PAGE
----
The Straits Times reported that the though Society for the Prevention of Cruelty to Animals (SPCA) and Animal Concerns Research and Education Society (Acres) have requested to be able to witness the euthanising of wild boars in Lower Peirce, the National Parks Board turned it down for safety reasons, assuring that it will be done in a humane way.
No outsiders allowed for boar culling: NParks
THE National Parks Board (NParks) has turned down requests by animal welfare groups to observe the culling of wild boars in the Lower Peirce area.
The Society for the Prevention of Cruelty to Animals (SPCA) and Animal Concerns Research and Education Society (Acres) told The Straits Times they wanted to be present to ensure the method used is humane.
But NParks said on Monday in response to queries that no outsiders would be allowed to observe the culling for safety reasons.
“The operation will be carried out by a small number of handlers. For safety reasons, and in order not to distract the handlers or animals, we’ll not be allowing anyone else into the area,” said NParks conservation director Wong Tuan Wah.
He said the agency is still working with Wildlife Reserves Singapore on a method to sedate and euthanise the boars. “The animals will be put down in as humane a manner as possible,” he said.
Asked how many boars would be killed and when the culling would take place, an NParks spokesman said there were “no new updates”.
The animal has been in the spotlight since The Straits Times reported in June that NParks was considering ways to cull the population at Lower Peirce. The decision triggered numerous letters to The Straits Times Forum Page, both for and against the culling.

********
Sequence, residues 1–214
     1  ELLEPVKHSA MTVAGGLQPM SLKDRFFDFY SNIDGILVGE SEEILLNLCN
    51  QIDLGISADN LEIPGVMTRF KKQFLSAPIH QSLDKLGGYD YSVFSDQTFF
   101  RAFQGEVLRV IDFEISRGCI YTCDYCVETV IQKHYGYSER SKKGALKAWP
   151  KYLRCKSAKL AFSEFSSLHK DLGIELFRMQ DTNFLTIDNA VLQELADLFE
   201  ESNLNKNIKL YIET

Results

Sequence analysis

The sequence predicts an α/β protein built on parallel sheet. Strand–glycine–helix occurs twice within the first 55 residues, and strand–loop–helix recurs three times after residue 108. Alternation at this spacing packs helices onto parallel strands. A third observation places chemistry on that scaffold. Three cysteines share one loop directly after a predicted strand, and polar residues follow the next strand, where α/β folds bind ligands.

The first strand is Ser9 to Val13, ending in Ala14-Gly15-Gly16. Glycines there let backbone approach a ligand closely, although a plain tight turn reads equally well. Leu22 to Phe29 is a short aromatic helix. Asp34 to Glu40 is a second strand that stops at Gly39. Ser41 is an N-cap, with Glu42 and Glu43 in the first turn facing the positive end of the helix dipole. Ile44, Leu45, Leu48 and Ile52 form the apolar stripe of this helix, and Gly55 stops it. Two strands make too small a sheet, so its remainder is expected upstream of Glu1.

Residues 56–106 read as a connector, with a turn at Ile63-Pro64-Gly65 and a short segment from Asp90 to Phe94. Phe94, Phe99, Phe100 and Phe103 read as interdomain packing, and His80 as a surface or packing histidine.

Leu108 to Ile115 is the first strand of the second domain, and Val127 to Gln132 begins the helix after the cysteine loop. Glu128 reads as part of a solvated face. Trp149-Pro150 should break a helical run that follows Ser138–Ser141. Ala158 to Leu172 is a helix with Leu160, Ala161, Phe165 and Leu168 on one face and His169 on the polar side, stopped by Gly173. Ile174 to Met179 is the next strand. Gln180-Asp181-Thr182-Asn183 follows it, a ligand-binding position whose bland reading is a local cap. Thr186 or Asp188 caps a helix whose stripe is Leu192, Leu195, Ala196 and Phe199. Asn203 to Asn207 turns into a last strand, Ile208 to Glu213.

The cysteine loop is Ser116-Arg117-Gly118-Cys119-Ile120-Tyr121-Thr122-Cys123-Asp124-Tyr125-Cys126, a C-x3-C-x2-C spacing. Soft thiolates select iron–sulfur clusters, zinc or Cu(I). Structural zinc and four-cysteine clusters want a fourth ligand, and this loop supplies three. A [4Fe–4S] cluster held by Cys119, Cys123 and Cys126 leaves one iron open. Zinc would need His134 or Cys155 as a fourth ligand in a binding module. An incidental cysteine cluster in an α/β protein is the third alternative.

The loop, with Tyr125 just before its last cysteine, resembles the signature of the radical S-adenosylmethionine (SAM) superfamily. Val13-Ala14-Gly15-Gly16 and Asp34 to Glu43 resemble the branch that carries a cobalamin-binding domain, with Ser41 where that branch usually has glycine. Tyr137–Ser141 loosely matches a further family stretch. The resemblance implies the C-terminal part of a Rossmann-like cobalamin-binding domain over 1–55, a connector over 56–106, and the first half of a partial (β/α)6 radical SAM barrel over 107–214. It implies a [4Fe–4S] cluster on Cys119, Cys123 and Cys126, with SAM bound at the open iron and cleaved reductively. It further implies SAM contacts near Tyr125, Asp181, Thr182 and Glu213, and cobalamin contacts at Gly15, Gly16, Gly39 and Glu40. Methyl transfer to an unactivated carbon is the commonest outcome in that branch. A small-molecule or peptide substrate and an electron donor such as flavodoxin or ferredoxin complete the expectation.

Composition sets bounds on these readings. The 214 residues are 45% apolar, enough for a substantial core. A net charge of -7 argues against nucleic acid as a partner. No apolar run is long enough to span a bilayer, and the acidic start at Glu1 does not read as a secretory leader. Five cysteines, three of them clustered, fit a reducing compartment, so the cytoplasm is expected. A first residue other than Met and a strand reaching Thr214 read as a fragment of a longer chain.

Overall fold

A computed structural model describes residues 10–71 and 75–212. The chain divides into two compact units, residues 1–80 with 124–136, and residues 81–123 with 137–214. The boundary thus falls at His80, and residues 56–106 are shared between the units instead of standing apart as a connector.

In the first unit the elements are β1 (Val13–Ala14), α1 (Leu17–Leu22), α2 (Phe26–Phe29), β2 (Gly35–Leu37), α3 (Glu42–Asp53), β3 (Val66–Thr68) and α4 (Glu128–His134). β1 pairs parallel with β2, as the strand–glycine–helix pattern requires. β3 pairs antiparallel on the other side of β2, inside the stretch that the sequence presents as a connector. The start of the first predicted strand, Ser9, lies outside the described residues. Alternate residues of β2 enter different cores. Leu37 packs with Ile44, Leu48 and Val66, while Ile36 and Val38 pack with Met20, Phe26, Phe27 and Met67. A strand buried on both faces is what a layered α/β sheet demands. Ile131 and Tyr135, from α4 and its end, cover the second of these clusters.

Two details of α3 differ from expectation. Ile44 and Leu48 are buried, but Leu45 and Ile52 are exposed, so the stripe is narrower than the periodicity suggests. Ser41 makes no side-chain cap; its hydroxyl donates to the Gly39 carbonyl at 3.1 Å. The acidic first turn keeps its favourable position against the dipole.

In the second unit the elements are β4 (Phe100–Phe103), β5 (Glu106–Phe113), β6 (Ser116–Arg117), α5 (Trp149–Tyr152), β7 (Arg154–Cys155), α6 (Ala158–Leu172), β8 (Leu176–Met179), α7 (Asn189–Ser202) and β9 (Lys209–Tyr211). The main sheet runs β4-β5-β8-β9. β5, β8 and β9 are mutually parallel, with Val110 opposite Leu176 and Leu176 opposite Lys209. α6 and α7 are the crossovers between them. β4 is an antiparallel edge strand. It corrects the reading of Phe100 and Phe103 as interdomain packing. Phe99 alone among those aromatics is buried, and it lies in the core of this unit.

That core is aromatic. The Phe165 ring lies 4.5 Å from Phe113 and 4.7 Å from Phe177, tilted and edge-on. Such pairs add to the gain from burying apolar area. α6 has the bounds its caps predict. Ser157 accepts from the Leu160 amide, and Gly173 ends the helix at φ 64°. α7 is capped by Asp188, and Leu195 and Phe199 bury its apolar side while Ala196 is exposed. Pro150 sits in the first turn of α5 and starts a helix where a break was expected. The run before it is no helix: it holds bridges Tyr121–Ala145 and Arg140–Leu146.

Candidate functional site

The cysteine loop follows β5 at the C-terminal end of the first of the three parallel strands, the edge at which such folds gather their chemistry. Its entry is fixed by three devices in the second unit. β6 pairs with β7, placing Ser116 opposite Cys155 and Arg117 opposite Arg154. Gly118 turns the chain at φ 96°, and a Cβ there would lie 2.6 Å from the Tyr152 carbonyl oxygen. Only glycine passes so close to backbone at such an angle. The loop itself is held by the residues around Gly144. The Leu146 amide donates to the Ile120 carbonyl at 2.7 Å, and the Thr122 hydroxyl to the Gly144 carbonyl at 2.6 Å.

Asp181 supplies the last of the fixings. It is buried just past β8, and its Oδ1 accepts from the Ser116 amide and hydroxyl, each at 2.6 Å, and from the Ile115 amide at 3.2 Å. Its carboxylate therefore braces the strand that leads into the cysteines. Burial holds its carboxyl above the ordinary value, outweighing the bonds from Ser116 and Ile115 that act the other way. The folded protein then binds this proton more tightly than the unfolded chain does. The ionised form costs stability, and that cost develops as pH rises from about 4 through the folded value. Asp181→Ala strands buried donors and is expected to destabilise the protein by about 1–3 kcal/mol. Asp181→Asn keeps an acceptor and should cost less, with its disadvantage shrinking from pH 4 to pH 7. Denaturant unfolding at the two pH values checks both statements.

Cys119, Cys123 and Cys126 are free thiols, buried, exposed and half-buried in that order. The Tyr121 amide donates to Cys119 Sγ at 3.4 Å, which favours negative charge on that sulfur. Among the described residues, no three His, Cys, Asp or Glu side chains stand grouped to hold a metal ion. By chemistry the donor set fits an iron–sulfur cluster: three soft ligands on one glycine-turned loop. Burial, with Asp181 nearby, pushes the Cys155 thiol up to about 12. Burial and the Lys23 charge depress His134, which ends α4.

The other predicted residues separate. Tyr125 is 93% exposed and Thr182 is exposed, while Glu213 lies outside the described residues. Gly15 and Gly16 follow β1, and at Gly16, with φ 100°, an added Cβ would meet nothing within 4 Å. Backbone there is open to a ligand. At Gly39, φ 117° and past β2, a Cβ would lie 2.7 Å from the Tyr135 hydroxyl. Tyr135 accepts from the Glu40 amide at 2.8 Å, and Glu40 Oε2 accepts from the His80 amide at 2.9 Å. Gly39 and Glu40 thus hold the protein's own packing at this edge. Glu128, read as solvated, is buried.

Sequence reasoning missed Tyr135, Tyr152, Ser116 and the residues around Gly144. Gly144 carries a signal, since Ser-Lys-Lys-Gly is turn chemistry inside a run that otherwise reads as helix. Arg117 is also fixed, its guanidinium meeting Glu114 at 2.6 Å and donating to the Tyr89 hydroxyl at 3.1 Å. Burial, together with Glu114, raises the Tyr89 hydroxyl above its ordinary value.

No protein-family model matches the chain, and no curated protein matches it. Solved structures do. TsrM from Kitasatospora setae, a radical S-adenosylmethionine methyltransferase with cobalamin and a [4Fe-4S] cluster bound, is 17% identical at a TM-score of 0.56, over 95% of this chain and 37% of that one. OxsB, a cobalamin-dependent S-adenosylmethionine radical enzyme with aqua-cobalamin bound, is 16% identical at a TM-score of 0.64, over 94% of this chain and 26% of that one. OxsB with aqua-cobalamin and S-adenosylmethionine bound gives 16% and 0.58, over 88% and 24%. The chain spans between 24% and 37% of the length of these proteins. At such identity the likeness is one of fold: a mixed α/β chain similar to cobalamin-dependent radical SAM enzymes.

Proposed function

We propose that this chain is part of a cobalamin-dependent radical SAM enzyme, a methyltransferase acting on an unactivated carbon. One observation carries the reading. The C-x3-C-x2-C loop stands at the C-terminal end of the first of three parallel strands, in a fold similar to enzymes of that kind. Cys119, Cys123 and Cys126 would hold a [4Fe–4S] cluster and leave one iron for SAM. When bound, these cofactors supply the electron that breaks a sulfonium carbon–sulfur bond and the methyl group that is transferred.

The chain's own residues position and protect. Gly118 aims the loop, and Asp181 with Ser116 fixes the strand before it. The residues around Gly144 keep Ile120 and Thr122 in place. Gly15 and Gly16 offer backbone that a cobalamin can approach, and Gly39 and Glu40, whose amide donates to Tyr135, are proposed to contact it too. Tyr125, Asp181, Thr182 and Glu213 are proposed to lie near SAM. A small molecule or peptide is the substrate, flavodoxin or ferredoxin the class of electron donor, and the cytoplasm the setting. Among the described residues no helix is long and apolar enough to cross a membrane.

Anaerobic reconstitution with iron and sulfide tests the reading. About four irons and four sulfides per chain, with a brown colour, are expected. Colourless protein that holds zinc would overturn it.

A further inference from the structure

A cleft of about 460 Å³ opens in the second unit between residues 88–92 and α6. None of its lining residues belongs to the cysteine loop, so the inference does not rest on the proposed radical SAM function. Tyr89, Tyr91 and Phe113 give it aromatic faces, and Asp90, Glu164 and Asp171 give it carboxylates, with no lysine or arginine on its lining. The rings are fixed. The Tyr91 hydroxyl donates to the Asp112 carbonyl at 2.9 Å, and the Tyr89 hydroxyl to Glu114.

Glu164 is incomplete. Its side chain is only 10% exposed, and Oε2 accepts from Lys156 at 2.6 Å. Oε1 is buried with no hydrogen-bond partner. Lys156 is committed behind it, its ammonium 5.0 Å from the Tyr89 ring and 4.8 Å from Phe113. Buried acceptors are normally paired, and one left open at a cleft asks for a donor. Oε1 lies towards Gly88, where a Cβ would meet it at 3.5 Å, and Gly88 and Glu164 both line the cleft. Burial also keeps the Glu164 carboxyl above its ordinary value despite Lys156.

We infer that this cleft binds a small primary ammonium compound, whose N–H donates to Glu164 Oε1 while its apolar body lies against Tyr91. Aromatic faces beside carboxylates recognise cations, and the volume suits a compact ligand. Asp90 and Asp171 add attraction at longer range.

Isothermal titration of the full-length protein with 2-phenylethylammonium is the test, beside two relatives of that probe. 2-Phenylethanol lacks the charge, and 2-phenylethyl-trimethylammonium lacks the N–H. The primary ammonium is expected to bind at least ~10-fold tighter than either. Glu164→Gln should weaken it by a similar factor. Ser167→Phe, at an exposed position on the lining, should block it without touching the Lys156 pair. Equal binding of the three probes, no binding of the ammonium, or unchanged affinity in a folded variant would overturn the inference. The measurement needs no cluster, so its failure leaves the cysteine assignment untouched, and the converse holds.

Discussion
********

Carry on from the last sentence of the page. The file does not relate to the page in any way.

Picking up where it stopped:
NParks has defended the need to do so, citing the danger posed to people and the damage the boars have caused to the Lower Peirce forest.
In June, a wild boar believed to be from the Lower Peirce area wandered into the nearby Bishan-Ang Mo Kio Park and charged at a security guard and a five-year-old boy.
NParks estimates that there are 80 to 100 wild boars in the Lower Peirce area, based on its observations of two herds.
Scientific studies on boar population densities in other countries such as Malaysia indicate this number is too high for the 1.5 sq km Lower Peirce area, but some have called for NParks to conduct local studies before culling the animal.
SPCA executive director Corinne Fong said NParks should not exclude outsiders from observing the culling.
“It’s a shame (NParks) is not opening this up to outsiders. That would give the public more assurance that everything will be done properly and humanely,” she said.
Said Acres executive director Louis Ng: “We still don’t support the culling but third parties could help audit the operations and make sure future rounds of culling are done better.”
But Dr Diong Cheong Hoong, who has researched wild pigs in Borneo, Malaysia and Singapore, said sedation and euthanisation is a well-established culling method.
“Having more people will only agitate the boar in the trap more,” he added.
Instead, NParks could share with the groups its culling procedure and the backgrounds of those carrying it out, he said.
NParks has said it may be necessary to cull the boars on a regular basis if the population continues to grow. It has also said it will consider other options such as removing their food source, which includes oil-palm plants, in the Lower Peirce area, though this must be weighed carefully as other animals may rely on the food.
Image from Bering17